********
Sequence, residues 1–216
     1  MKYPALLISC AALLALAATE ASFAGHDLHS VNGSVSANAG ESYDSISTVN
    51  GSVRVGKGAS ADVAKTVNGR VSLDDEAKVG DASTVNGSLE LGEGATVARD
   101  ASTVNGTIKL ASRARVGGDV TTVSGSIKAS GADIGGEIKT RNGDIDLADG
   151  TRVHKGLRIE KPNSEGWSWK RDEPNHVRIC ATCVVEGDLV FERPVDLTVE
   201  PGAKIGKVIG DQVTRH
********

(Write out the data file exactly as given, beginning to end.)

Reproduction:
Sequence, residues 1–216
     1  MKYPALLISC AALLALAATE ASFAGHDLHS VNGSVSANAG ESYDSISTVN
    51  GSVRVGKGAS ADVAKTVNGR VSLDDEAKVG DASTVNGSLE LGEGATVARD
   101  ASTVNGTIKL ASRARVGGDV TTVSGSIKAS GADIGGEIKT RNGDIDLADG
   151  TRVHKGLRIE KPNSEGWSWK RDEPNHVRIC ATCVVEGDLV FERPVDLTVE
   201  PGAKIGKVIG DQVTRH